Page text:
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Sunday, October 9, 2011

(Rant) Rethinking the games I support

Lately, I've been buying products for games that are published by basically one-man companies. Part of this is that I think some of these games are just plain better than those published by WotC. However, I'm getting frustrated.

It seems many games come out with the base rules. Following this, there's lots of chatter from the writer and his supporters. There will likely be a few pdf's released. Maybe, and I mean maybe, there will be a print supplement.

It is driving me crazy! I like to buy supplements for games I like. Especially a setting book, monster books, and even an adventure or two. And getting other people to play a game can be difficult, as many players see that the game has no supplements, they consider it to be "dead", even if it is still in print.

While I realize many publishers are just guys doing this in their spare time, I also see companies like Hero Games (which is only two or three people) pumping out books every month. And those books are well done and worth having for that system.

While some games have tons of pdf support (BFRPG and BASH! are good examples), there just isn't any print support. It feels like lots of promises are made early, and then everything just becomes vaporware. I really, really hope when D&D 5e is released, that it is a great game. I'd love to have good quality supplements available on a regular basis.


Matt Finch said...

This is one of the reasons I'm working with Frog God -- I can't put out anything like a product per month for Swords & Wizardry, but I think we're actually coming out with something on the order of 1.5 per month since that partnership started.

The only exception there is WhiteBox, where I agreed with a lot of the people on the message boards that I'd basically stay out of it in order not to endanger the DIY feel of it.

If I don't see a lot of fan-created material for WB, I might eventually reverse that, but with WB I've got a current commitment NOT to publish. :)

FWIW, I'm close to deciding that I should do a couple of short WB modules, but very conflicted as to whether to do those in a really rough OD&D type approach or whether to recognize the fact that lots of WB players aren't playing to reproduce the production values of OD&D, just the rules.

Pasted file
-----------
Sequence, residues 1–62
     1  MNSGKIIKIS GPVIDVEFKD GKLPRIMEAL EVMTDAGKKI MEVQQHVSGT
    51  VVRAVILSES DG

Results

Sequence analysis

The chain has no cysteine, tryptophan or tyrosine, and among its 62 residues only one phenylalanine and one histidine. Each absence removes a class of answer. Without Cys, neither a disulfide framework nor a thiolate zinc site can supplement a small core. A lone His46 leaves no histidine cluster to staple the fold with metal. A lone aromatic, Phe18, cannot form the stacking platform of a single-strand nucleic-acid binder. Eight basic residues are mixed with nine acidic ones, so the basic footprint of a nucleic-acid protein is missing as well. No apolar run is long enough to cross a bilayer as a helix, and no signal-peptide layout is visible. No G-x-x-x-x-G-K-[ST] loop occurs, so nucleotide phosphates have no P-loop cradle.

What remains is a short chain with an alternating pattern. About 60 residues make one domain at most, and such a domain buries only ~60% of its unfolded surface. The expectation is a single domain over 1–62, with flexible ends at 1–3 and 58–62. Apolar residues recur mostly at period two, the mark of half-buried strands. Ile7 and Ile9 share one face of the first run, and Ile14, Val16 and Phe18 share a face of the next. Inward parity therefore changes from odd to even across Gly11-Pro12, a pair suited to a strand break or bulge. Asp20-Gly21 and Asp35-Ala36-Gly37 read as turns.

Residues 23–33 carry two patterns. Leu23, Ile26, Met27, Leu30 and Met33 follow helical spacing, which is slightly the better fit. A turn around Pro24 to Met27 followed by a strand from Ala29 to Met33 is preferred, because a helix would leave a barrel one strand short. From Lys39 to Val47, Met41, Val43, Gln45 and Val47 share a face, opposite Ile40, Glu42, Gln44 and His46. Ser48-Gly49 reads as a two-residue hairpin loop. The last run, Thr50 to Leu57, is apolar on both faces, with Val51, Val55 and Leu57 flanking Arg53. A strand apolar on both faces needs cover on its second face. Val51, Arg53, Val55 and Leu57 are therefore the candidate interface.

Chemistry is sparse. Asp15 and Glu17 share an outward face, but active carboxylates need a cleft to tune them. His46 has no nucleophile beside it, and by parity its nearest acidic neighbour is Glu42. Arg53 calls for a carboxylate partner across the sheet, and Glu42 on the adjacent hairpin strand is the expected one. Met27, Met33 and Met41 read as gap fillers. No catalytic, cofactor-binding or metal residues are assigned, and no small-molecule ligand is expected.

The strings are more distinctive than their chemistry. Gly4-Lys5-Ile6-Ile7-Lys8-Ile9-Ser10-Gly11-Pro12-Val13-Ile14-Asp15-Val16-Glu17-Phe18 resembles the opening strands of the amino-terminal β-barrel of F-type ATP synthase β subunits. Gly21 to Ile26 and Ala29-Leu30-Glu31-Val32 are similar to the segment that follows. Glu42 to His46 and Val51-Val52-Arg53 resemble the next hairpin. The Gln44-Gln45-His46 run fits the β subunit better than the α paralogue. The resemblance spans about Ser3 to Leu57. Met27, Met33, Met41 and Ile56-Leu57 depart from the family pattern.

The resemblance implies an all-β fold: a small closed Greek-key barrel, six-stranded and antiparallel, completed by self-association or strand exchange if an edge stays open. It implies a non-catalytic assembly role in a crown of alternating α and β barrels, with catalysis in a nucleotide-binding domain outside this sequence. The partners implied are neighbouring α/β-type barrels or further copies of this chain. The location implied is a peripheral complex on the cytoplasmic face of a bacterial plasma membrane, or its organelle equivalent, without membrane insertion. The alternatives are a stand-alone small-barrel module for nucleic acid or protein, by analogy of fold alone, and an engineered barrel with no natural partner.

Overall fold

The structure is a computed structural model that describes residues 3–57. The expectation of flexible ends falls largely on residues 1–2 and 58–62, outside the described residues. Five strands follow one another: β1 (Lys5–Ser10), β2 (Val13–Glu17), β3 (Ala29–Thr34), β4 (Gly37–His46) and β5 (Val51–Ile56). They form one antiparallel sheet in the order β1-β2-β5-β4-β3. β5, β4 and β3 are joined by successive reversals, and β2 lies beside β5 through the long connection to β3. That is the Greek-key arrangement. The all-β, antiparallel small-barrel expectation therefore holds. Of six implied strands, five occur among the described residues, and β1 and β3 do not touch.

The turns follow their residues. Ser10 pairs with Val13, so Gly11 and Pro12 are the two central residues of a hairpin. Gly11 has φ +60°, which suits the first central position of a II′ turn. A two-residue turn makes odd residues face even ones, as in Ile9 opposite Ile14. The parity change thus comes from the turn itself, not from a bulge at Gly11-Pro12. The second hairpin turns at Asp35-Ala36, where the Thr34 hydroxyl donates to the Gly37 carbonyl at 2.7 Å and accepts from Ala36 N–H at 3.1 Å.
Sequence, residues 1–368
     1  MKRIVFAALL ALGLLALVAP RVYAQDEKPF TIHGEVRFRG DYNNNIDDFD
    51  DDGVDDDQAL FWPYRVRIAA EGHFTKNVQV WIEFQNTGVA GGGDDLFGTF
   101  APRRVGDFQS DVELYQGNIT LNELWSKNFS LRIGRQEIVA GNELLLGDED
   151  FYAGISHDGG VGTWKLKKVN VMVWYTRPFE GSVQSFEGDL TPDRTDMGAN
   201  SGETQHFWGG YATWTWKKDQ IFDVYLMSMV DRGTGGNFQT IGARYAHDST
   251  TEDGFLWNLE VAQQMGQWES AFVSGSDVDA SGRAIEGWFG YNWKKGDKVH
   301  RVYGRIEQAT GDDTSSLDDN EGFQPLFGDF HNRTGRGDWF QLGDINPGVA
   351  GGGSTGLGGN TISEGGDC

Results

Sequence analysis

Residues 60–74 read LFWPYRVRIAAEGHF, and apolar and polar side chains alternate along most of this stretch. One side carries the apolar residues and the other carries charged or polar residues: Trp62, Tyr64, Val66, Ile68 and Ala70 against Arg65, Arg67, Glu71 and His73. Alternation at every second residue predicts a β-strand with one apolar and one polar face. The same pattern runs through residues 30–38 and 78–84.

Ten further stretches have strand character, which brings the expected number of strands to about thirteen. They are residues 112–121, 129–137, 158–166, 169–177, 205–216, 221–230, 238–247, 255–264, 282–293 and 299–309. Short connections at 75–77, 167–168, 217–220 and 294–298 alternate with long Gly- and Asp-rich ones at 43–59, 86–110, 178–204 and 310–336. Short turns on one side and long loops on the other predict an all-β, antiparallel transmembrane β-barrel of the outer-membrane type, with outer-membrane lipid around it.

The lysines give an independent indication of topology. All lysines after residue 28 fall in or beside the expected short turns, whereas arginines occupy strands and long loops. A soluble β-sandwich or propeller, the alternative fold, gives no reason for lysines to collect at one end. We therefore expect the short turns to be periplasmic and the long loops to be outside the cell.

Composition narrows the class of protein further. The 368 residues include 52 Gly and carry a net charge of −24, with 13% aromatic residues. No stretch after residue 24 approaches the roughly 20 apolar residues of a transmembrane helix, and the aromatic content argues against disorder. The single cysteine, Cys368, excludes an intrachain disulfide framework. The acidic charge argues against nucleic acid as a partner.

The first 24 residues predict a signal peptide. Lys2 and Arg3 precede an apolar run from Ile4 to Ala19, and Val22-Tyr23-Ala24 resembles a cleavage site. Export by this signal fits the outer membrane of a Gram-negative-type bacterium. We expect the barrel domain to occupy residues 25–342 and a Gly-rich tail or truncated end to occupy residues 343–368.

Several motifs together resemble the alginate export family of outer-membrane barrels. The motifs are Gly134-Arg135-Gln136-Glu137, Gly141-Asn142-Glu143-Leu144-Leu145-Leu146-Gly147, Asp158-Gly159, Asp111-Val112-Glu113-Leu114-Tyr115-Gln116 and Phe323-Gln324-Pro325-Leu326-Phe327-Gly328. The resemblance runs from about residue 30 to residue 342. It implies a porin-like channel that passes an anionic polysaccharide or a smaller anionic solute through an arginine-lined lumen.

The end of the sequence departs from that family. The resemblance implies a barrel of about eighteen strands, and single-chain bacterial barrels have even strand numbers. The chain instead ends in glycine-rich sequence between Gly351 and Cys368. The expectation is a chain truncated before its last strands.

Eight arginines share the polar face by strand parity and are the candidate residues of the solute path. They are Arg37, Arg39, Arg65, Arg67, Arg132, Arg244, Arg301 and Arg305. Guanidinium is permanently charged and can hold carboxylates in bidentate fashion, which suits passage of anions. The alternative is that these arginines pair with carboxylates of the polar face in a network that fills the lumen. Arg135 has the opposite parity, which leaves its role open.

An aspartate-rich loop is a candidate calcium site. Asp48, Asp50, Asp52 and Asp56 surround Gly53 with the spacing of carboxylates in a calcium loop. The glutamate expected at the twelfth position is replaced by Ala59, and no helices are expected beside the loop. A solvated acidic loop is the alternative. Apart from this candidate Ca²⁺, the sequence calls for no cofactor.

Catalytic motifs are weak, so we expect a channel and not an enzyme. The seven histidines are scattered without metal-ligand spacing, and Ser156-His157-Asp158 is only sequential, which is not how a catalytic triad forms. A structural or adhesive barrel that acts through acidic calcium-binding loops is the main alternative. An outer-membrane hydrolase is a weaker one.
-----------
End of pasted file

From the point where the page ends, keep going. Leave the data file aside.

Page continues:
migellito said...

My viewpoint is actually the reverse. When games come out with supplements, add-ons, etc, that's one thing that will DEFINITELY keep me from buying it. Adventures? Awesome! But when I pay good money for a game, I want it finished and complete. I can't afford, and will NOT pay for, what the corporations have somehow convinced people is 'support,' but instead amounts to an explosion of splat books.

Dan said...

You're not really on the list I was thinking about. You've managed to get books published, even before Frog God. I actually think you're one of the best one-man operations in gaming. :)

Dan said...

Yeah, I'm not really interested in buying new rules, either. I was thinking stuff more like a setting book or things like Champions Powers book for Hero. They just provide things for use with the regular rules, without adding new rules themselves.

Dan said...

Also, you really need to have a talk with Frog God about their covers. They are nowhere near as good as the Mullen ones you use.

Matt Finch said...

Dan, I'm going to talk with Bill about the cover of the One Night Stands and Saturday Night Special series (ie, the unlinked free-standing adventures). I think the covers don't work as generics. I'll also talk to him about maybe using Pete Mullen, but the bottom line is that the covers have to appeal to the PF players as well as the old schoolers -- if we have to use different covers for the PF and S&W modules then the cost savings are essentially gone, which means that those modules become a lot more expensive. So there's a business issue involved in the FGG modules.